Kentucky Youth Agrees to Plea Deal for Campus Shooting, Deaths

The suspect in a 2018 shooting at Marshall County High School has pleaded guilty to murder.

Gabe Parker, now 18, has accepted a plea deal stemming from the deaths of two Marshall County High School students in 2018. He will plead guilty to two counts of murder, and more lenient assault charges. Parker was 15 years old when open fire in a common area of the school, killing Preston Cope and Bailey Holt, both 15.

Parker brought his stepfather’s Ruger MK 11 .22-caliber pistol to school, committing the shooting, which also injured several other students. A sentencing hearing will be held June 12, and if the court agrees to the plea deal, he will be sentenced for two counts of first-degree murder, eight counts of first-degree assault and six counts of second-degree assault.

Marshall County Circuit Judge James Jameson will have to approve of the deal. If approved, Parker will be sentenced to life in prison, but will be eligible for parole at age 35.

Defense attorney Tom Griffiths said the plea deal will allow Parker to “start the next phase of his life where he’s going to have to earn any chance to ever be on the outside of a prison again,” according to The Courier Journal.

"Gabe has a lot to atone for," defense attorney Tom Griffiths told The Courier Journal. "This plea allows him to start the next phase in his life where he's going to have to earn any chance to ever be on the outside of a prison ever again.”

The Courier Journal also reported that Marshall County Commonwealth’s attorney Dennis Foust said the families of the murdered victims felt the plea was the right way to go, especially in light of the COVID-19 pandemic, which would have delayed the trial by as much as a year. The families were ready for closure and the opportunity to begin healing. Faust had refused any deals in the past.

Mary Garrison Minyard, Parker’s mother, sobbed throughout the court proceeding, saying in the statement, “To every child in the school that day, to every parent and loved one of those children; to the school system and entire community, I’m so sorry.”

Griffiths said his client has never denied the shooting and has been ready to enter a guilty plea for a while. He said prolonging the case would have served nothing, especially if the ongoing pandemic would have forced the trial to be continued this year, or even into 2021.

About the Author

Ralph C. Jensen is the Publisher of Security Today magazine.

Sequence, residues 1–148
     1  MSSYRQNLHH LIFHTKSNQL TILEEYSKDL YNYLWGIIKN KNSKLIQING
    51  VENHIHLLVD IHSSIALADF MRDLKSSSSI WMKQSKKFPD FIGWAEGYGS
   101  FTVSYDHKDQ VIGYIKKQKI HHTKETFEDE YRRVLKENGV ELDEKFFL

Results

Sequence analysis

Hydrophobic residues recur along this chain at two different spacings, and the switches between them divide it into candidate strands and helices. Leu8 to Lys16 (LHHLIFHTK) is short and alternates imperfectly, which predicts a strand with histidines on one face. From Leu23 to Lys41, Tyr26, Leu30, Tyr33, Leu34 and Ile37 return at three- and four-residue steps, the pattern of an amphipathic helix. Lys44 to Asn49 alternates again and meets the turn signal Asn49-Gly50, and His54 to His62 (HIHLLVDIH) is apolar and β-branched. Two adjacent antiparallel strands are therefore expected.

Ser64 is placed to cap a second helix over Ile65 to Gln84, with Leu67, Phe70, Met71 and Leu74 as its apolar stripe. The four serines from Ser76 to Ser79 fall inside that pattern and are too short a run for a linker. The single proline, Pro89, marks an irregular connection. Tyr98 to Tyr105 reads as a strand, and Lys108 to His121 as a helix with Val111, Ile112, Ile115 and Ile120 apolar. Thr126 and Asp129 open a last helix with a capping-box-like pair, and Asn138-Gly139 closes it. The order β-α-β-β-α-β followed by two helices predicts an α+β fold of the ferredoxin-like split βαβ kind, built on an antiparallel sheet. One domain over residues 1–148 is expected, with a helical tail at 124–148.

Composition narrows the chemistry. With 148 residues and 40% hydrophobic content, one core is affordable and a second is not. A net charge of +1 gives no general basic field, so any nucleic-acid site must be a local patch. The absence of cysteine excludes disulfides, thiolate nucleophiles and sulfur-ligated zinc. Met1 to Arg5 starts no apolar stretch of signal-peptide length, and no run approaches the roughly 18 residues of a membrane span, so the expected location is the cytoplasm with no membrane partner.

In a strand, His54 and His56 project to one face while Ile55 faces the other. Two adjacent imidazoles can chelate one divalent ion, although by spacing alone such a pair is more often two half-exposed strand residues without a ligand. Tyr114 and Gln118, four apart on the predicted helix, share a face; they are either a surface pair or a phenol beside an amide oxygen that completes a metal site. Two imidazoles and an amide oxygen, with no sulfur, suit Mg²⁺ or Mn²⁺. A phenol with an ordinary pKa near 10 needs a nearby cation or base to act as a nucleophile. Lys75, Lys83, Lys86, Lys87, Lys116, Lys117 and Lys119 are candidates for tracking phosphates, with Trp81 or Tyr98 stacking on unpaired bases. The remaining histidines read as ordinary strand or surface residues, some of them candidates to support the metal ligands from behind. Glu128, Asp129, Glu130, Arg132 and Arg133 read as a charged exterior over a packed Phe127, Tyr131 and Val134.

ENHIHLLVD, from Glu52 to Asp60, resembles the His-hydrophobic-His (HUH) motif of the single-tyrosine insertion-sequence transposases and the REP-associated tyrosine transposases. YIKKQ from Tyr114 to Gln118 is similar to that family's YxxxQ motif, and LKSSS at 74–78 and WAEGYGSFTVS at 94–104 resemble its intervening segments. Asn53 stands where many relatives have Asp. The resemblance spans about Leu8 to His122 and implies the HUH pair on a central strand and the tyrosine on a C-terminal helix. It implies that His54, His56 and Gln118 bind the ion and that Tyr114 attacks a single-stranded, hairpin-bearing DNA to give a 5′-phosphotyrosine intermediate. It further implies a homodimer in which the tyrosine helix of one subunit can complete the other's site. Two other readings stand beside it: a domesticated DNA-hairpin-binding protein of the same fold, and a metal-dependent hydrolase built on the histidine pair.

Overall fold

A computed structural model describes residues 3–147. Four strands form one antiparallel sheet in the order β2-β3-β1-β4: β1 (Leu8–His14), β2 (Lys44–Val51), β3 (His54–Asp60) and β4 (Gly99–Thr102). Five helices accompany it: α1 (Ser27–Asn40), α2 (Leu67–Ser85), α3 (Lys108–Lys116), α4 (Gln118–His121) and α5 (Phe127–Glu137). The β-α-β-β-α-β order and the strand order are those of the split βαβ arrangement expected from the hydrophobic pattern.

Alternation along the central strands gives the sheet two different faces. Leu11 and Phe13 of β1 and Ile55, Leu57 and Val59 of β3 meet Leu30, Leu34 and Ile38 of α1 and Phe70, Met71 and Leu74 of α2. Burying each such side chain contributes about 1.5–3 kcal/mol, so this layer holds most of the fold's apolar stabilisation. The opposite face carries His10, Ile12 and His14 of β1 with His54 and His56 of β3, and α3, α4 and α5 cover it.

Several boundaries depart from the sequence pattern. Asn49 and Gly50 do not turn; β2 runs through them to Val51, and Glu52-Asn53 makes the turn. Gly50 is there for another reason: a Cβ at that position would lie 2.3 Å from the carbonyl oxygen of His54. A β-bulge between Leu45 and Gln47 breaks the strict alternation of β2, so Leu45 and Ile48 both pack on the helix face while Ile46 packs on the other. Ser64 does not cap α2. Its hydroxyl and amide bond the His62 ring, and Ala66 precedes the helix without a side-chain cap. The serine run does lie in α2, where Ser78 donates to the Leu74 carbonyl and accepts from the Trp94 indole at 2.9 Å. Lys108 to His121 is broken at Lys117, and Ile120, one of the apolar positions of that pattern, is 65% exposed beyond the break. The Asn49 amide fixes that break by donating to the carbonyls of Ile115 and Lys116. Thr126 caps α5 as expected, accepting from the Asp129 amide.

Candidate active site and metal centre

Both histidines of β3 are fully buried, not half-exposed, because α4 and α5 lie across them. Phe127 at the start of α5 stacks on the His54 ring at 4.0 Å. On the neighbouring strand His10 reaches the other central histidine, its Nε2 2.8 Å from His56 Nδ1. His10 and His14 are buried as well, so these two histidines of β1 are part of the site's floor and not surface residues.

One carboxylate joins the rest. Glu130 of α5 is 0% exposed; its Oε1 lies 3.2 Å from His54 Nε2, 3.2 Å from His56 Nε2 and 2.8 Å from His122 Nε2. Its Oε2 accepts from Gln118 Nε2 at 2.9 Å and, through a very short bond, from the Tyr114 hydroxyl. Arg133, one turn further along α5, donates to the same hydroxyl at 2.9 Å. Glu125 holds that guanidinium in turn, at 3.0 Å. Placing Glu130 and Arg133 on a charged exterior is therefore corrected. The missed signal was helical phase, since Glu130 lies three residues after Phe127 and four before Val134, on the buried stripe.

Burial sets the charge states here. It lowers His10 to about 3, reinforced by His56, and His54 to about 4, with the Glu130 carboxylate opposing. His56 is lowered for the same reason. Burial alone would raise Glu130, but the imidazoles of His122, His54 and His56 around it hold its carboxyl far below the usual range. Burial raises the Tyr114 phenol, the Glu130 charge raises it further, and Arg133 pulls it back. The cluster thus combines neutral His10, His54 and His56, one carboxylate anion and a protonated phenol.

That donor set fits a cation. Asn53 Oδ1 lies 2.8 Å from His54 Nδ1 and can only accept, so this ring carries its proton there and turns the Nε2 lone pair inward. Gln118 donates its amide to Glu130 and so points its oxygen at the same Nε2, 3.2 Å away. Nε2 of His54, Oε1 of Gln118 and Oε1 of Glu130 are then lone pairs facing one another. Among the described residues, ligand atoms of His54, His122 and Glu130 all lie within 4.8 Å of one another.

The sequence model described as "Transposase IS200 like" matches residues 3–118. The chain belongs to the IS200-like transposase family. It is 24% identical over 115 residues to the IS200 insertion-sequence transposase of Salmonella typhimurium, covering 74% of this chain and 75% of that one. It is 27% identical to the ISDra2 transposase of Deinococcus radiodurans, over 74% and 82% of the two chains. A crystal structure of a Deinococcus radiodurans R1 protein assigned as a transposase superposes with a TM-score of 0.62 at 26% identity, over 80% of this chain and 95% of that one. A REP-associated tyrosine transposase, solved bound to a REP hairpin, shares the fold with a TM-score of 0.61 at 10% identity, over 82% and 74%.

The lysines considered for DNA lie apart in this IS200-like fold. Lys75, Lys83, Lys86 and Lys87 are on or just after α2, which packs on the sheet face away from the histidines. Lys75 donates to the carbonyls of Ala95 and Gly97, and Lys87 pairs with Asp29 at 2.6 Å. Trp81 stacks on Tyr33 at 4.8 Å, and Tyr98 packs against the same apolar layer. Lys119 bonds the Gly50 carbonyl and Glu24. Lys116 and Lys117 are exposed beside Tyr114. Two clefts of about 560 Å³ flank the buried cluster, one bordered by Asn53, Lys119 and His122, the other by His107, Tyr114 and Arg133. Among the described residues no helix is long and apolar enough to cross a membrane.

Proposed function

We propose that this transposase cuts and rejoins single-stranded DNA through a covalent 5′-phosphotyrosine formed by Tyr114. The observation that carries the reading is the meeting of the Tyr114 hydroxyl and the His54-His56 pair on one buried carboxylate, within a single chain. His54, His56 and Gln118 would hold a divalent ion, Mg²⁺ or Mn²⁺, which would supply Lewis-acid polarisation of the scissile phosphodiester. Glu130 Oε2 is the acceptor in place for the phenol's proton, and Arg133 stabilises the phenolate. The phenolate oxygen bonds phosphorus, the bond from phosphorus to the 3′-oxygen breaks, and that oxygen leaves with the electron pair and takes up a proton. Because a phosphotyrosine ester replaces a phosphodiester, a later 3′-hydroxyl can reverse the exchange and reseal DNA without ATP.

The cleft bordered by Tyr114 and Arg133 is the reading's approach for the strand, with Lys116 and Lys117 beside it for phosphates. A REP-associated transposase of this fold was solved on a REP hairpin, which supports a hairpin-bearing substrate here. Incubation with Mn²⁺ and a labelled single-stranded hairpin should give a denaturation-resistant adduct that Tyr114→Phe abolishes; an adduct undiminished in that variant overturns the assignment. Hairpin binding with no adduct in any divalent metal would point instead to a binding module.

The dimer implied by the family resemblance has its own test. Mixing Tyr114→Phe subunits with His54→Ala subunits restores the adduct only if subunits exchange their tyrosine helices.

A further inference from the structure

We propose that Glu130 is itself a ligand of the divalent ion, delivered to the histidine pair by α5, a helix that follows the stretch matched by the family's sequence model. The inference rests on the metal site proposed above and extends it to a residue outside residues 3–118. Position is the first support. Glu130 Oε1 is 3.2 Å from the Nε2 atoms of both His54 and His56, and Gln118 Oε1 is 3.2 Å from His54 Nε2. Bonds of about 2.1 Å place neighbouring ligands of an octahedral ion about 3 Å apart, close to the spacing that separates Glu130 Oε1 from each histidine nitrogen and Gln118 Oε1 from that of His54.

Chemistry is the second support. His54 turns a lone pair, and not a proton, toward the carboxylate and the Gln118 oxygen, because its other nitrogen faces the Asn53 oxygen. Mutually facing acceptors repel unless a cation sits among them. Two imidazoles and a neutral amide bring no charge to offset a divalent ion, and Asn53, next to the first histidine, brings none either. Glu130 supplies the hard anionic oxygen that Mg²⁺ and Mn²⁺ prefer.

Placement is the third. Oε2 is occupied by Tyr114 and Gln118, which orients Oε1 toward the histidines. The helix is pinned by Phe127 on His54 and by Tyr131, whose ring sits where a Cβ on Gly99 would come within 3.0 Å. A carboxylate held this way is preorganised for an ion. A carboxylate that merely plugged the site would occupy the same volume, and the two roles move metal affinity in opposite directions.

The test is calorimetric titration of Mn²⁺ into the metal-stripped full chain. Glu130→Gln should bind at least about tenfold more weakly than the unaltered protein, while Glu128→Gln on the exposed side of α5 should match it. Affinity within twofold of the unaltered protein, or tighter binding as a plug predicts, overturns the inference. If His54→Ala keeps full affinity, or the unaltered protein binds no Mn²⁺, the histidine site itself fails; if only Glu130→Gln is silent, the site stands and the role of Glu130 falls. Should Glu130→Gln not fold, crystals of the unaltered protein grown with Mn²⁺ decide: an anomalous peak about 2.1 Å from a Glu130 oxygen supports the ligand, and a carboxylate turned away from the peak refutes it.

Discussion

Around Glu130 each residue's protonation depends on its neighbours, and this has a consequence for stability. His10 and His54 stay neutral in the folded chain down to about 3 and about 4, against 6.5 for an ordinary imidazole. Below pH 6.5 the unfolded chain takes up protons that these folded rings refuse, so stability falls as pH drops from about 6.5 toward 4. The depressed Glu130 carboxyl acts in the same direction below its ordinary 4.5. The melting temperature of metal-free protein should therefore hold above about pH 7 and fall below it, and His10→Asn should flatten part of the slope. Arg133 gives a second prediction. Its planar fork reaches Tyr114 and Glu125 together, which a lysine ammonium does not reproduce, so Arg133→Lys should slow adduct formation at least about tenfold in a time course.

• Campus Parking Problems: Modern Security Solutions

    Parking: for many, it’s an everyday fact of life. Whenever we drive somewhere, we must consider parking, and often, that parking experience sets our mood and expectations for the rest of the journey. Whether a quick grocery store pickup or long-term airport parking, the parking lot is an integral part of whatever type of campus you’re visiting. This includes destinations like retail stores, your local high school, hospitals, and the park-and-ride systems present in major cities. Read Now

  • The Critical Need for Naloxone on School Campuses

    The opioid crisis is escalating across the United States, increasingly affecting all segments of the population, including students on K-12 and college campuses. As the threat from opioids, especially fentanyl, becomes more widespread, it's critical for schools to have naloxone available—an antidote for opioid overdoses. This article discusses why naloxone should be as common as Automated External Defibrillators (AEDs) in educational settings. Read Now

  • Best Practices for A Holistic Approach to Video Solutions in Campus Security

    Video surveillance is one of the most common security measures implemented by educational institutions today, but installing cameras is just the beginning. Adopting a holistic, comprehensive approach to video surveillance is a more effective way to safeguard campus communities and fully realize the value of your investment in physical security systems. Read Now

  • Back to School Planning is a Year-Round Commitment

    With summer underway, K-12 and college students, faculty, and staff are taking a well-earned break to recharge and gear up for the fall. It’s also the season when security professionals can get in and get busy installing upgrades and retrofits before the new school year starts. It’s a brief window, but, thanks to diligent planning throughout the year, the pros are always ready to hit the ground running at the last bell of spring term to make the most out of the limited time available. Read Now